In our formative years (1992-1997), we focused on monitoring, documenting and publicizing human rights violations. In this phase, we established ourselves as a vibrant advocate for civil and political rights in Kenya, through direct action protests and offering support for redress to victims and survivors of human rights violations. We also distinguished ourselves by linking human rights struggles with the need for reforms in political leadership and institutions.
From 1998-2003, we expanded our advocacy strategy to include social and economic rights. We made a radical shift in approach in this phase that led us to begin developing capabilities of those affected by human rights problems to advocate for their rights. To do this, we invested in community based Human Rights Education (HRE) and shifted our advocacy approach from ‘reactive, ad-hoc, one-off’ activism to more nuanced processes, with more strategic design, participation of those affected by specific human rights violations and targeting reforms at policy and legislative levels.
We needed a more systematic way of working. This made it necessary for us to develop our first Strategic Plan, which covered 1999-2003. The thrust of this plan was to develop competencies at community level for citizens to identify and deal with human rights violations, without depending on our previous interventionist orientation. We defined our role in this period as a facilitator of community struggles. Capacity building in HRE, monitoring and documentation of human rights violations and human rights advocacy were the main tools to realise the goal.
Lessons learnt in this phase led to KHRC’s strategic decision to make additional investment in community-based programming strategies. Reflections on the previous plan strongly concluded there was promise for the realisation of a Kenya without human rights violations if we put more effort and emphasis in stimulating community capacity to institute change from below. This decision led to the development of the Vision 2012 Strategy Paper and the second Strategic Plan (2004-2008).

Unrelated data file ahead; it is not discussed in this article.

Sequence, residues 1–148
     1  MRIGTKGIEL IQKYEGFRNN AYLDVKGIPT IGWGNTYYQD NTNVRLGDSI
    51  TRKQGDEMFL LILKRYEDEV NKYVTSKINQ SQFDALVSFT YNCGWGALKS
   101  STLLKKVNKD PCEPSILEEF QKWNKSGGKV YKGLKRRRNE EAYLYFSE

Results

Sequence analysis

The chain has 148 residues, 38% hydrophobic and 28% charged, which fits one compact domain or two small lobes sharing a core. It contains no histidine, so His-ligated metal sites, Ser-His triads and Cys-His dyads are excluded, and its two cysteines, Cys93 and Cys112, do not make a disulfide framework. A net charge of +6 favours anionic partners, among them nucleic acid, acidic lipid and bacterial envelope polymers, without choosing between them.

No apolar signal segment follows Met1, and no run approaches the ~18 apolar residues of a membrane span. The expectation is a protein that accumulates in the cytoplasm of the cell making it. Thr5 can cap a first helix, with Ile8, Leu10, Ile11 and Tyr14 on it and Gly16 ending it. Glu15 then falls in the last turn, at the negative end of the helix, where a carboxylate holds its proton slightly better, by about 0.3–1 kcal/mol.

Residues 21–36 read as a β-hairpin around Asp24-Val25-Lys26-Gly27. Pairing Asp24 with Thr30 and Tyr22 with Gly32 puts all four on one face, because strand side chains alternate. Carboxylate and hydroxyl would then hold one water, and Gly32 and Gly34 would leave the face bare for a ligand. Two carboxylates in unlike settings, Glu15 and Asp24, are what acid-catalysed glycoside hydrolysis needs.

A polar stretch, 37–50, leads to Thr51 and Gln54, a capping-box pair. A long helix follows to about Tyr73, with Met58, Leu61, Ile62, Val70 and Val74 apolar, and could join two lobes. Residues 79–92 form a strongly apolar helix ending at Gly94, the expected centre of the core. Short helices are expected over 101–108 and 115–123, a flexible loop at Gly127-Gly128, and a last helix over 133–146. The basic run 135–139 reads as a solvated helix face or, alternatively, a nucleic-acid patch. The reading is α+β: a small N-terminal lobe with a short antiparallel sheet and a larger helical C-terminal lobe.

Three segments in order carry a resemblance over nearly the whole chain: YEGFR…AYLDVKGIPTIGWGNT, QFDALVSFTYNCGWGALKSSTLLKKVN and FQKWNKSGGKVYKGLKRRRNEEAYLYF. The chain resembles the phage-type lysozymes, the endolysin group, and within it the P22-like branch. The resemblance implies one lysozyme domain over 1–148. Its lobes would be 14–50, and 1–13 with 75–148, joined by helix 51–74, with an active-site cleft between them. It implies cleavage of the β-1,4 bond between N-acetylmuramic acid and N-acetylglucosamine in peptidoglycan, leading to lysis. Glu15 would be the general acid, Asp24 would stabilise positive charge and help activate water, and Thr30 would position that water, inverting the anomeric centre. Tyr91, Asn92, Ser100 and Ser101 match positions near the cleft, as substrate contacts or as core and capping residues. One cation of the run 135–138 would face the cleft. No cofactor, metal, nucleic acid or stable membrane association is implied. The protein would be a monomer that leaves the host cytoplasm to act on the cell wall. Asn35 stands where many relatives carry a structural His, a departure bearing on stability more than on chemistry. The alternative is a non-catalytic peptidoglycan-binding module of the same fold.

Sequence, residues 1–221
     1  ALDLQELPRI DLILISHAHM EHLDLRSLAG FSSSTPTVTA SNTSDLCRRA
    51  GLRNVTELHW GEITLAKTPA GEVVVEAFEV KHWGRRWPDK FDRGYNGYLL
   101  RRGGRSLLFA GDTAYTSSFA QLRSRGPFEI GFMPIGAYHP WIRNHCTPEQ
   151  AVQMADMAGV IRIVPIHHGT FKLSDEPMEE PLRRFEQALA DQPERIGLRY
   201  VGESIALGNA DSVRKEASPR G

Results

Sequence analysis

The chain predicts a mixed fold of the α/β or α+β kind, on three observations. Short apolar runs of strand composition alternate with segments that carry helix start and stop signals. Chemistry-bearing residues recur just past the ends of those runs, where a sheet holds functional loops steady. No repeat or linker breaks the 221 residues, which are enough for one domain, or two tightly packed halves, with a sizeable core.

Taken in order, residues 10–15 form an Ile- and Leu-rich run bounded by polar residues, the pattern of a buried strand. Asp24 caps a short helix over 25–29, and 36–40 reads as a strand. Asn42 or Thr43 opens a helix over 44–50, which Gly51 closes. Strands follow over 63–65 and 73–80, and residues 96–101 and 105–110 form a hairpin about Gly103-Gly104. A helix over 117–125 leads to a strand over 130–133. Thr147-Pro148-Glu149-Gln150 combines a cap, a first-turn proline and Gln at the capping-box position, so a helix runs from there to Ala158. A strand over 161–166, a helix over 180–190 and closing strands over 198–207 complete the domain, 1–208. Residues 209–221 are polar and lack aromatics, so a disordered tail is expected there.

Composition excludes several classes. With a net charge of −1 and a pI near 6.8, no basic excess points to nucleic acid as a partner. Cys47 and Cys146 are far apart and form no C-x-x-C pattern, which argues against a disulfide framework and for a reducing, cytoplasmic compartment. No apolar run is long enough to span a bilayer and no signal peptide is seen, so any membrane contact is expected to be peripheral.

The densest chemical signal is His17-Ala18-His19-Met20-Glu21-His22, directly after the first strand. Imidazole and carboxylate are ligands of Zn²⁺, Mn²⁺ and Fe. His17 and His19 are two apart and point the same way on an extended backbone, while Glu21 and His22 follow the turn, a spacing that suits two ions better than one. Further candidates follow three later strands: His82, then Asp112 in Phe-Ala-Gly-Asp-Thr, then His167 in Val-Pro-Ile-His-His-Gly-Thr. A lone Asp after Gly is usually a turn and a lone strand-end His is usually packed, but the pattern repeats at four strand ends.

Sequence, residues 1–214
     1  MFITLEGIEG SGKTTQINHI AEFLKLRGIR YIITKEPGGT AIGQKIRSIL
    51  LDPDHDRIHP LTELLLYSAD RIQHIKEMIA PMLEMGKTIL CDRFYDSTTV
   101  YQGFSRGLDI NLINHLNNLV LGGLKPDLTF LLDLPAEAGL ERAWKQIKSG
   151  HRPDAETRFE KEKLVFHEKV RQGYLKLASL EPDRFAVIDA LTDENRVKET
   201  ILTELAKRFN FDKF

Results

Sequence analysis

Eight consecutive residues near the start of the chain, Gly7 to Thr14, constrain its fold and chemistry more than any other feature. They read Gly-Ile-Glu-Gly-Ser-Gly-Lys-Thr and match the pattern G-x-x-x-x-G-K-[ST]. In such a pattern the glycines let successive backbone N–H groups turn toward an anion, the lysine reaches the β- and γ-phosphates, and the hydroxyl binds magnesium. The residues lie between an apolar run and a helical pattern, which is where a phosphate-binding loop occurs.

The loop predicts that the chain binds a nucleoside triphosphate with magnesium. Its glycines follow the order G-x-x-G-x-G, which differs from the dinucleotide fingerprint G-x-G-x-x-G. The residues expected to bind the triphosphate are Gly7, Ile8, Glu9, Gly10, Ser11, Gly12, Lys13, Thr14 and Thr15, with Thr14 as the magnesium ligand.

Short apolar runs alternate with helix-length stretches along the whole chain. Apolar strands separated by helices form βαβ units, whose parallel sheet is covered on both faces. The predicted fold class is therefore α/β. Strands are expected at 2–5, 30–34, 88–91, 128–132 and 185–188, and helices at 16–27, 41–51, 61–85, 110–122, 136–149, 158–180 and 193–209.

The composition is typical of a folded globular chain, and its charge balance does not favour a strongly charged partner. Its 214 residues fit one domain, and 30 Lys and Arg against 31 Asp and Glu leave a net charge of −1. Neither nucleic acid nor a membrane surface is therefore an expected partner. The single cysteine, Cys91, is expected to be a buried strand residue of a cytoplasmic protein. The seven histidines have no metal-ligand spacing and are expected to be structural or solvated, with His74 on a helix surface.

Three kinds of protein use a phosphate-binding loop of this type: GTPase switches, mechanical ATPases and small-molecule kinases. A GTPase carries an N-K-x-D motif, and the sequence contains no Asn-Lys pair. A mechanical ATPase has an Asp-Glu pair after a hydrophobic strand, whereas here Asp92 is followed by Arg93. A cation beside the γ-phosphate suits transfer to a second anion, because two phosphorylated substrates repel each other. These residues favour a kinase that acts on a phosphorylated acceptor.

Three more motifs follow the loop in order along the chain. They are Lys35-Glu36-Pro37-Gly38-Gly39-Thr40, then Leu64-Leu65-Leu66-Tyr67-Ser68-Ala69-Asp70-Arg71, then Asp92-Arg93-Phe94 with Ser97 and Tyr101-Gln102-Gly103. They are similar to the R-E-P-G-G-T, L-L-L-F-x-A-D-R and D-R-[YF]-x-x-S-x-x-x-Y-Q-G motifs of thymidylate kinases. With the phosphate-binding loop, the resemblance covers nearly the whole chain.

In the 2004-2008 Strategic Plan, we focused on strategies and actions aimed at enhancing community driven human rights advocacy, through building of the capacities of citizens to deal with their immediate human rights concerns as well as engage in strategic actions to transform structures responsible for human rights violations. Human rights-centred governance was the overriding theme of this strategic plan, under the banner of rooting human rights in communities. This phase thus also saw the Commission engage in “neo-rights” programming focusing on trade, business, investment, natural resources, labour rights and sexual and reproductive health rights.
From inception, we have engaged in grassroots and national level organising for human rights and democratic governance. We have registered milestones in facilitating local community struggles to national and international spaces, with clear analyses and actions identifying and targeting local to global structural sources of the violations. Struggles for labour rights and fair trade practices, land rights struggles by indigenous communities and campaigns against impunity are examples of areas where we have realised local to national and national to international linkages.
In our current the four-year Strategic Plan (2008-2012), we have continued to consolidate our experiences and successes to expand the impact of our work and play an active role in procuring citizen-led reforms towards a more just, democratic and human rights-respecting Kenyan society.